Sunday, September 6, 2009
Sorry, Buddha Is Closed
Kyongju (or Gyeongju) is, almost inarguably, Korea's most famous historic town, containing such a large variety of significant cultural relics that the area is commonly referred to as "a museum without walls." Perhaps this is due to its location, sufficiently isolated from the devastation war and conquest brought to so much of Korea's architectural history.
As a possible contradiction to my hypothesis of preservation, Kyongju was not always a sleepy little town of ruins; it was once the capital of the Silla empire, the dynasty that politically controlled Korea between the 7th to 9th century. The city itself, more than 2,000 years old, is now registered as a UNESCO world heritage site.
The Chomsongdae Observatory, an astronomical tower built in 647, is the oldest standing observatory in East Asia. It is constructed of 361 stones, which is equal to the number of days in a lunar year. The four square sides of this tower are precise in facing the four geographical directions. Some historians consider the possibility that this acted as a meridian for the Silla people.
A tiny cave in the middle of the mountains near Kyongju houses one of the world's loveliest Buddha statues. Made of white granite, it is considered a masterpiece in Asian artwork, but you can only see this image if you visit the Seokgulam Grotto because photos are forbidden.
An equally famous stop in Kyongju is Tumuli Park. This area of the city appears to be filled with perfectly-formed hills. In reality, these "hills" are tombs older than the pyramids of Egypt. When the tombs were excavated in the 1970s, they were to found to have jewelry and intricate weaponry inside them, as well as physical remnants of the deceased royal subjects. My favorite (is it macabre to claim a favorite tomb?) was the Chonmachong tomb. This dates from the 5th or early 6th century AD, and visitors are permitted to go inside it, ala Lara Croft.
Altogether, there are 155 royal mound tombs of the Silla dynasty, a treasure trove of history and rich ornamentation. These tombs are spread throughout the region so it is nearly impossible to see all of them in one day. The biggest tomb, at 80 x 120 meters, is a joint tomb (a "his" and "hers" burial plot, so to speak) called Hwangnam Daech Ong. It rests just behind a small lake.
Another famous lake in the area is Anapchi Lake in Wolsong. The garden islands of Anapchi Lake were originally designed by King Munmu as an ideal setting to hold parties and conferences. Usually, man-made lakes and islands seem too contrived to capture my imagination, but when the garden lake was made by royalty in 674, it lends it a greater appeal.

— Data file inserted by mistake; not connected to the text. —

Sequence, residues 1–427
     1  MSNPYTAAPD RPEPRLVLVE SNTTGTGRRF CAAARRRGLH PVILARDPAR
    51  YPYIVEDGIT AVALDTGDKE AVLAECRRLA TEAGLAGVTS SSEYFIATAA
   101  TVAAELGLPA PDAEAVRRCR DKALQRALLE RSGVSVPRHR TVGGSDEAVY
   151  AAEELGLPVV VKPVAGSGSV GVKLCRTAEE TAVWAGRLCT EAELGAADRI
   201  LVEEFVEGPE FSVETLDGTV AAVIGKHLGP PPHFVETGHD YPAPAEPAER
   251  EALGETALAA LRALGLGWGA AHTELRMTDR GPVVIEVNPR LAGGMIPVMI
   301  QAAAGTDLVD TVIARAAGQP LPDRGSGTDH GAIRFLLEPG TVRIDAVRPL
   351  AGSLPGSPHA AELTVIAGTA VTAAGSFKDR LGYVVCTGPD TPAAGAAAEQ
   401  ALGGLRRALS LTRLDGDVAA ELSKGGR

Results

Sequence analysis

Here is the point where I confess: My visit Kyongju was as part of a tour. I usually hate tours both for the high pricing and for the general blandness that accompanies them, but this tour was remarkably cheap and, let's face it, convenient in dragging me from site to site on a bus. That is both the downside and upside to tours. They smooth out everything, so there is little to no adventure left, hence why I am only spouting facts and presenting pretty pictures from this trip, rather than writing about it as an adventure.
And up until this point of the trip, things were amazingly smooth, inspite of the "breakfast and dinner included" that consisted of the same dry bread and peanut butter for ALL the meals. Still, like I mentioned, the tour came at a very low cost, so I took the cheap breakfast with a grain of salt . . . and a grain of rice and several bowls of noodles at a restaurant down the street from our lodgings.
The only real hitch in the trip was during the last leg, where we were told about a beautiful Buddha, carved into the white rockface of a mountain centuries ago. It was "a masterpiece of late Silla period" and "a sight everyone in Korea must see."
So, even though some of the tour group stayed at the base of the mountain chatting and luxuriously sipping their too-sweet Korean coffee, I stretched out my weary limbs, cramped from the long bus ride, and began to ascend the trail. I would see the tour leader at various intervals. "Not much longer!" she'd cheer. "It's definitely worth it. I've seen it before," she called out from a temple half-way up the mountain, where she'd decided to end her hike, opting out of seeing the must-see Buddha a second time.
I continued the ascent, inspite of an "accident" where a cranky old adjushi used both hands to push me to the ground so he could step over me on a particularly narrow section of the trail. "That's rude, sir!" I yelled back at him, while scowling viciously from my unwanted dirt seat. "I don't care if you don't understand what I'm saying, you're rude!"
Most disappointingly, when I finally reached the Buddha, it was closed. The only "must see" quality about it was that it was, in fact, rather impressive that anyone could manage to close a statue carved into the side of a mountain. It was securely closed, too, so that even if a person tried to quietly sneak onto it for a closer look at the Buddha, she would get chased away. Hypothetically speaking, of course.
Here is the best view I got of the Buddha, obtained by using my zoom lens while balancing precariously on a rock head far above the actual sculpture.
Fortunately, they could not close the views.